The university celebrates 15 October 1810 as the date of its opening.
From 1828 to 1945, the school was named the Friedrich Wilhelm University, in honor of its founder.
Ludwig Feuerbach, then one of the students, made a comment on the university in 1826: "There is no question here of drinking, duelling and pleasant communal outings; in no other university can you find such a passion for work, such an interest for things that are not petty student intrigues, such an inclination for the sciences, such calm and such silence.
Compared to this temple of work, the other universities appear like public houses."
The university has been home to many of Germany's greatest thinkers of the past two centuries, among them the subjective idealist philosopher Johann Gottlieb Fichte, the theologian Friedrich Schleiermacher, the absolute idealist philosopher G.W.F. , the Romantic legal theorist HegelFriedrich Carl von Savigny, the pessimist philosopher Arthur Schopenhauer, the objective idealist philosopher Friedrich Schelling, cultural critic Walter Benjamin, and famous physicists Albert Einstein and Max Planck.
The founders of Marxist theory Karl Marx and Friedrich Engels attended the university, as did poet Heinrich Heine, novelist Alfred Döblin, founder of structuralism Ferdinand de Saussure, German unifier Otto von Bismarck, Communist Party of Germany founder Karl Liebknecht, African American Pan Africanist W. and European unifier E. B. Du BoisRobert Schuman, as well as the influential surgeon Johann Friedrich Dieffenbach in the early half of the 1800s.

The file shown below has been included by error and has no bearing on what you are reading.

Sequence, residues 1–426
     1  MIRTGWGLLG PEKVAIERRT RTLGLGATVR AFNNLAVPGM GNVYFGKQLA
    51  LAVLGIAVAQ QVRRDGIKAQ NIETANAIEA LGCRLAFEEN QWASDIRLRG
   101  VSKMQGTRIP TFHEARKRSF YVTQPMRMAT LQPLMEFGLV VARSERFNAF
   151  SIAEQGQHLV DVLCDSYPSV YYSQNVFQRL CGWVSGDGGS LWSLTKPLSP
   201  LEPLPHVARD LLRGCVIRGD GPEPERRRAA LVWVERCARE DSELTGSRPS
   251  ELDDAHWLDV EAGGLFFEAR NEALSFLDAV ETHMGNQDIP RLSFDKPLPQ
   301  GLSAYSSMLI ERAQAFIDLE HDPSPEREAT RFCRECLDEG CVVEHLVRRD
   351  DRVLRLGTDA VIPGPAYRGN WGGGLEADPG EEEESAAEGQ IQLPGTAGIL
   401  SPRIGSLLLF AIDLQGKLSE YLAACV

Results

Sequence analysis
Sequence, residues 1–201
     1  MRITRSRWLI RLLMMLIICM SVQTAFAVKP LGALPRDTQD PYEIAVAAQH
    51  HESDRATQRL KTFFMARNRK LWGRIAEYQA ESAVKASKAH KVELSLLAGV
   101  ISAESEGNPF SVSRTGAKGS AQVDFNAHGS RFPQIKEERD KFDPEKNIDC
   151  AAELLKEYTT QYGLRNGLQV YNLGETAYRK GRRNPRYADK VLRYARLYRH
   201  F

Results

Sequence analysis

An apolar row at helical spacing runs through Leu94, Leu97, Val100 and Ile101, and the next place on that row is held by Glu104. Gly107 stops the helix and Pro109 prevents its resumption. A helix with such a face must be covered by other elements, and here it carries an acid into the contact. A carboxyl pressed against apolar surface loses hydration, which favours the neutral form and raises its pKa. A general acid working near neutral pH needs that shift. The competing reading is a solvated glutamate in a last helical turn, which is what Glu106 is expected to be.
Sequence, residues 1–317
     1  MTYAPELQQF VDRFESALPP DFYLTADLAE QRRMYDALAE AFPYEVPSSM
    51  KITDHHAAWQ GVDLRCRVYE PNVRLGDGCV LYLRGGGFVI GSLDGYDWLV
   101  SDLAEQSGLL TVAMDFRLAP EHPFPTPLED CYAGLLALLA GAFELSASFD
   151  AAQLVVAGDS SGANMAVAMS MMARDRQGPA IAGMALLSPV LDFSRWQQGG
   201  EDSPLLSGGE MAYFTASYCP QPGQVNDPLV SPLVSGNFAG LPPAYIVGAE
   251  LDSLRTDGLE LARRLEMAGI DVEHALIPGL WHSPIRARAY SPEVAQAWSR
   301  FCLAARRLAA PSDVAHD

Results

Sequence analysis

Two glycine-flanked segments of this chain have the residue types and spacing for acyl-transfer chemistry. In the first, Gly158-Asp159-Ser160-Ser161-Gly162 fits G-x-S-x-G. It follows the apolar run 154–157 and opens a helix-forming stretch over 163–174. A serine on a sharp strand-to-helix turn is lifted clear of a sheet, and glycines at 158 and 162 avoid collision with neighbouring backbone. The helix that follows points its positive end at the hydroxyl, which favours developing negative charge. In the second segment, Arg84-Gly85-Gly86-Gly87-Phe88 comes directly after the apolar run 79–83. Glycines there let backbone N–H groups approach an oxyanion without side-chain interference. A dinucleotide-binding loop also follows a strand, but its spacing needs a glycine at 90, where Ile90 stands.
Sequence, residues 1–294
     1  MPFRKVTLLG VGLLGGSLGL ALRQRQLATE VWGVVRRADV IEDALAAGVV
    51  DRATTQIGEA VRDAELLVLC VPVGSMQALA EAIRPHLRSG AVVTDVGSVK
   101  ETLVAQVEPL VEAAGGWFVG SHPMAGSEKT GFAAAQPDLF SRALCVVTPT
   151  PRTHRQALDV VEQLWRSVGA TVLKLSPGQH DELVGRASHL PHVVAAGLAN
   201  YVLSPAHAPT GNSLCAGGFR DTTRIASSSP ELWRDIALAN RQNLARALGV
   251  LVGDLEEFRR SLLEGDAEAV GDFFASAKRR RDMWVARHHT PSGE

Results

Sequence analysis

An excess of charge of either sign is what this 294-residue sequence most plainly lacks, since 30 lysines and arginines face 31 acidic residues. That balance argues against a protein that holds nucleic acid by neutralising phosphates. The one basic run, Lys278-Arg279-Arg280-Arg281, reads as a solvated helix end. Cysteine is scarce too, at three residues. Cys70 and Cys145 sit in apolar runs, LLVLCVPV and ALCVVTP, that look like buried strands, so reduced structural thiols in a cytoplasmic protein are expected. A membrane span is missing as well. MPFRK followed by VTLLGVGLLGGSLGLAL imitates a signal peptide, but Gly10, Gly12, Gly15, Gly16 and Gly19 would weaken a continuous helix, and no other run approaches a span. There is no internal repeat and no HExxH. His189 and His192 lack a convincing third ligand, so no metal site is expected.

The structure of German research-intensive universities served as a model for institutions like Johns Hopkins University.
Further, it has been claimed that "the 'Humboldtian' university became a model for the rest of Europe [...] with its central principle being the union of teaching and research in the work of the individual scholar or scientist."
In addition to the strong anchoring of traditional subjects, such as science, law, philosophy, history, theology and medicine, the university developed to encompass numerous new scientific disciplines.
Alexander von Humboldt, brother of the founder William, promoted the new learning.
With the construction of modern research facilities in the second half of the 19th Century teaching of the natural sciences began.
Famous researchers, such as the chemist August Wilhelm Hofmann, the physicist Hermann von Helmholtz, the mathematicians Ernst Eduard Kummer, Leopold Kronecker, Karl Weierstrass, the physicians Johannes Peter Müller, Albrecht von Graefe, Rudolf Virchow and Robert Koch, contributed to Berlin University's scientific fame.
During this period of enlargement, the university gradually expanded to incorporate other previously separate colleges in Berlin.
An example would be the Charité, the Pépinière and the Collegium Medico-chirurgicum.
In 1710, King Friedrich I had built a quarantine house for Plague at the city gates, which in 1727 was rechristened by the "soldier king" Friedrich Wilhelm: "Es soll das Haus die Charité heißen" (It will be called Charité [French for charity]).
By 1829 the site became the Friedrich Wilhelm University's medical campus and remained so until 1927 when the more modern University Hospital was constructed.
The preexisting Tierarznei School, founded in 1790 and absorbed by the university, in 1934 formed the basis of the Veterinary Medicine Facility (Grundstock der Veterinärmedizinischen Fakultät).
Also the Landwirtschaftliche Hochschule Berlin (Agricultural University of Berlin), founded in 1881 was affiliated with the Agricultural Faculties of the University.